About ten years ago, I had the opportunity to hear a speech by Temple Grandin, an icon in the world of autism. She holds a Ph.D., and is an expert in animal behavior, as well as an advocate for those on the spectrum. I don’t remember details from her talk, but one thing she said stood out. Grandin emphasized that, to help children with autism succeed in life; parents need to keep their focus on their child’s strengths and unique interests.

I remember thinking, “Easy for her to say.” Here was someone who was high functioning enough to go to college, who had this clear area of interest. This all seemed light years away from my son and his limitations. It seems terrible to admit, but I simply couldn’t connect the idea of “strengths” to my son.

At that time, we were devoting hours to therapy, the painstaking process of helping my son do things like learn to talk, or identify the names of common household items, or learn how to hold a crayon. These things, which come as easily as breathing to typically developing kids, required hours of drilling for my son to be able to do. For me, focusing on what needed to be done seemed crucial. Recognizing my son’s strengths in the face of all these deficits seemed like a frustrating, and even frivolous, thing to do

But over the years, I have been thinking about what Grandin said. And, as I’ve thought about how best to serve my son, the meaning of her statement has changed for me. Instead of asking myself, “What are my son’s strengths?” I try to see the whole person my son is, the strengths as well as the weaknesses. I’ve turned the question into, “Can I wholeheartedly accept who my son is?”

At times, “yes.” And at times, wholehearted acceptance is hard for me.

Really, there are two ways of viewing my son. And they dovetail with the two wishes that I have for him:
I want my son to improve, to grow and develop as much as he can.
I want to my son be embraced for who he is right now.

Raising my son has been about balancing acceptance with pushing for change. Deep down, I just want to love him and not think about all the skills he lacks. But, if I had spent all my time appreciating, and not teaching, my son, he wouldn’t be where he is today. He wouldn’t be talking or dressing himself. Helping him to grow has been a matter of putting him through the paces of learning new things. He wouldn’t voluntarily do any of it.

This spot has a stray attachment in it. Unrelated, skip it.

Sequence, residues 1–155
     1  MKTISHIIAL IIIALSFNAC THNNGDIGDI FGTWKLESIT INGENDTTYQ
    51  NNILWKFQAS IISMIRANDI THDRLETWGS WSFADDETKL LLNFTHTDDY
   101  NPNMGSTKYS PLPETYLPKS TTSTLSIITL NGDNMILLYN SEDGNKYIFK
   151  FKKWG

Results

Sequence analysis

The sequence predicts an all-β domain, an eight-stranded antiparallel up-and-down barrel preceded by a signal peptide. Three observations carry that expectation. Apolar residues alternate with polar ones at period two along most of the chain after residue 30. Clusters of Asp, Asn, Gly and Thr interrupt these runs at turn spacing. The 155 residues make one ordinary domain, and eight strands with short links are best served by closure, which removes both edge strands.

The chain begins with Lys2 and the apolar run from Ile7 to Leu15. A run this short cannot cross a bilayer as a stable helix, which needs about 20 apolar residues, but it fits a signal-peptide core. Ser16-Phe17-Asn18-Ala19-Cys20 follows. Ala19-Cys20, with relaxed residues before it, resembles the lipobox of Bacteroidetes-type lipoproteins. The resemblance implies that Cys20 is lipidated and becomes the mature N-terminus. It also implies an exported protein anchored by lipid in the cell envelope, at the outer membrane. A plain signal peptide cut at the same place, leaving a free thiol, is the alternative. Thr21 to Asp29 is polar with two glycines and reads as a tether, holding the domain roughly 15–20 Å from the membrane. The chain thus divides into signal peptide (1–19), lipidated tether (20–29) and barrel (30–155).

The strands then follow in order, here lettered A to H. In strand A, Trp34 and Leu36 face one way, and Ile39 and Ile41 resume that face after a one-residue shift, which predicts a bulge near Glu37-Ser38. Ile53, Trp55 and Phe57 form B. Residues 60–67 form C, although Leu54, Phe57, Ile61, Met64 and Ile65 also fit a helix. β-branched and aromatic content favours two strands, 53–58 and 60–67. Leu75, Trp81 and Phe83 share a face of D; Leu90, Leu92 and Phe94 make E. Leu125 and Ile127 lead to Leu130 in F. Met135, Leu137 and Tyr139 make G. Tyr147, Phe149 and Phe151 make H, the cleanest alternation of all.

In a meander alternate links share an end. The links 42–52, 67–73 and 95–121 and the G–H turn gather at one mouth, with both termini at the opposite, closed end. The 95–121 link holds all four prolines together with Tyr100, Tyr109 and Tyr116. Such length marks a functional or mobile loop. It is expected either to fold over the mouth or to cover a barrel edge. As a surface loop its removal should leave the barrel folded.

When I am deep in the zone of my expectations for my son, accepting him becomes more difficult. I find myself bemoaning my own sense of who I wanted my son to be. I tend to see all the ways that I have failed him, comparing myself to other parents who must be doing a better job. And after a while, I realize that, instead of seeing my son, I’m seeing a project that seems endless and frustrating .

On the other hand, when I can clear away this perennial to-do list, and my son comes clearly into view, I see wonderful things. He has an amazing facility for music, and I marvel at his ability to make up catchy melodies, or sing a harmony when his favorite song is on the radio. He has an uncanny ability to win at any Wii game I have played with him. He loves cats, and calmly perseveres in petting them nicely, even when they scratch or bite him. He is a calm and happy soul and he projects an energy that makes people smile.

The struggle between the two poles, accepting and wanting to see improvement, comes so often because every moment with my son could be looked upon as teachable. What does it mean to fully accept my son, when I keep trying to push him forward? Can acceptance, and the push for change, co-exist?

I realize that this is not only a conflict for parents of children who have autism. It is really the struggle of every parent I know. There is so much we want for our kids, and there are times it doesn’t fit with who they really are. We need to respect their uniqueness…and, at the same time, we need to set rules, to guide them as best we can, to help them develop skills so that they can get what they want from life. And somehow, we have to know how to navigate that often-precarious balance between accepting and encouraging change.

Sometimes, I wish there were some kind of playbook, or a few more guidelines. But I know that, as parents, we each have to forge our own path. And I think that we learn something in the tension between these two seemingly incompatible wishes. Maybe it is in this struggle, that we come face to face with our humanity and develop compassion…not only for our children, but also for ourselves.

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